Tucked behind the façade of a vintage gas station with a shading canopy, Gus’s World Famous Fried Chicken landed last September, a worthy addition to the hot chicken scene (not to be confused with Nashville hot chicken specifically).
Topped with a blinking yellow-backed neon sign over its entrance, the outpost on Commerce Street boasts a weathered brick wall and a graffiti art mural that announces in shadow letters the locale with Deep Ellum pride. Endearingly beaten-up poles rise amid red-and-white checked tablecloths inside. In other words, the franchise of the national, Memphis-based chain is as much a Deep Ellum fixture as you might ever desire.
The story traces not to Memphis, but to Mason, Tennessee in 1953 and involves founding characters with names like Napoleon (“Na”) and Maggie.
When we gathered as an editorial magazine staff—D CEO, D Weddings, the web team, too—on a recent Wednesday to watch the City and Regional Magazine Association awards in which we were nominated 11 times, the spread of victuals included loads of oysters (it’s a long story), the best specimens of barbecue—burnt ends and brisket bearing pink smoke rings—and Sicilian-style pizzas in five different topping selections. But, as we milled and kept the conversation light, everyone kept going back to the 16-piece fried chicken set I’d picked up with a view to feed a crowd.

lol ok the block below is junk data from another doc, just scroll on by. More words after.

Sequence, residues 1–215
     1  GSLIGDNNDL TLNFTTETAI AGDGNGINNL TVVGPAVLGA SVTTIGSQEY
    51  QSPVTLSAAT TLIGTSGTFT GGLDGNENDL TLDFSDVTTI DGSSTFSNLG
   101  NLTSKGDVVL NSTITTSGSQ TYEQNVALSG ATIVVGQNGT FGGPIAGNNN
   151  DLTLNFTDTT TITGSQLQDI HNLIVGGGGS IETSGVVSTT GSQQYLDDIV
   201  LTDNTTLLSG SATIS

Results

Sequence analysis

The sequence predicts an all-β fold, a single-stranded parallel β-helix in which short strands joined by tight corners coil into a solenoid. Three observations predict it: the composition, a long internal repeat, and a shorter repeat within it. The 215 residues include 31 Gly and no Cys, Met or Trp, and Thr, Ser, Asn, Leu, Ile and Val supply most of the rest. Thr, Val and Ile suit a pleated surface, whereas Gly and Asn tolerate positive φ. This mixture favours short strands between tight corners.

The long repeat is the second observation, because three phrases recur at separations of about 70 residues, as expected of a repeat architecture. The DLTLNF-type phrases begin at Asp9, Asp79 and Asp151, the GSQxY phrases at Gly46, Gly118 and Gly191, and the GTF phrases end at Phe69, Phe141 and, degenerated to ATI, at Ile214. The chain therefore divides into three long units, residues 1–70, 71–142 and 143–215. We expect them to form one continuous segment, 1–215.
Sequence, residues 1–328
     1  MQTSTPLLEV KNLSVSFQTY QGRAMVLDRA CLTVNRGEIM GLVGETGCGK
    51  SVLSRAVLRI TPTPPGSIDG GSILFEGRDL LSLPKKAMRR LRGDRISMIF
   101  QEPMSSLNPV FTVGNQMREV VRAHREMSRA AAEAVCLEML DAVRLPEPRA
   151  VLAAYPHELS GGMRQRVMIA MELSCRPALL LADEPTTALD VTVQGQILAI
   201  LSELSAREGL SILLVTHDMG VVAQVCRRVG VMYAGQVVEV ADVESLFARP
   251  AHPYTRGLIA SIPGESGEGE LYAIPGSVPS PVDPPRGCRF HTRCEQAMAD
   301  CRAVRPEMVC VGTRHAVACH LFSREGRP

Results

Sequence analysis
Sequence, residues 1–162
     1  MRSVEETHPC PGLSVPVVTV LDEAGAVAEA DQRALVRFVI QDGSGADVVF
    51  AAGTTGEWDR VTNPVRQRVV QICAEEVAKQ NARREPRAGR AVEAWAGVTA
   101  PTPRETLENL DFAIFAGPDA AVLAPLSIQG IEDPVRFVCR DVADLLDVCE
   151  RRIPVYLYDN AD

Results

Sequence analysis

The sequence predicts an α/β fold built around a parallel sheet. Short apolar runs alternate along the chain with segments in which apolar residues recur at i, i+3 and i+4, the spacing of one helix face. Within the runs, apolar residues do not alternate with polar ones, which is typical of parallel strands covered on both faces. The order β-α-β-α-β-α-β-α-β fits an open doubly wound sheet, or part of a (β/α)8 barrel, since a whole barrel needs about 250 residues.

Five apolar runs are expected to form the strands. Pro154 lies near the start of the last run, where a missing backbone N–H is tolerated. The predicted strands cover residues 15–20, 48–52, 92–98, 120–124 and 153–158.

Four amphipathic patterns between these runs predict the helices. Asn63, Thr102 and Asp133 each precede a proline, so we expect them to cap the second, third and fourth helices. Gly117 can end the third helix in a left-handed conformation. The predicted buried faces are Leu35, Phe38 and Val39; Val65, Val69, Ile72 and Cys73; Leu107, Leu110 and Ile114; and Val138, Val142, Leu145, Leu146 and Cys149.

Something about the thin, crackling skin, one editor mused. The spice was pronounced, but didn’t leave you sweating, another offered.
I’d left loaded down with some truly excellent long-braised greens and slices of homemade pie in paper boats: sweet potato, coconut thickly laced with toasted coconut shreds, and chocolate with the texture of a brownie. I’d thrown in a stack of the very ordinary, plain-spoken white sandwich bread (not biscuits or cornbread, a business historical legacy nod to the way Napoleon and Maggie first served it).
Big, juicy hunks of chicken—thigh and breast and wing—with ultracrispy skin attract. But I hadn’t anticipated the fervor. The Gus’s Tennessee style is fried to a bronze color, ruddy with spices. I recognized and admired that particular crunch that is akin to rice-flour battered Korean fried chicken’s more delicate crackle than the flaming-barked, cayenne-spiced coat on Nashville-style hot chicken we’ve officially raved about. Here, the batter clings and adheres, tight and smooth.
People seemed to want to want to pull off the crispy bits and comment and go back for more.
No world problems were solved. No spicily contested flaming-foul brackets were reckoned. All I can say is the consensus was that this editorial team was happy to sweat it over hot chicken rather than awards.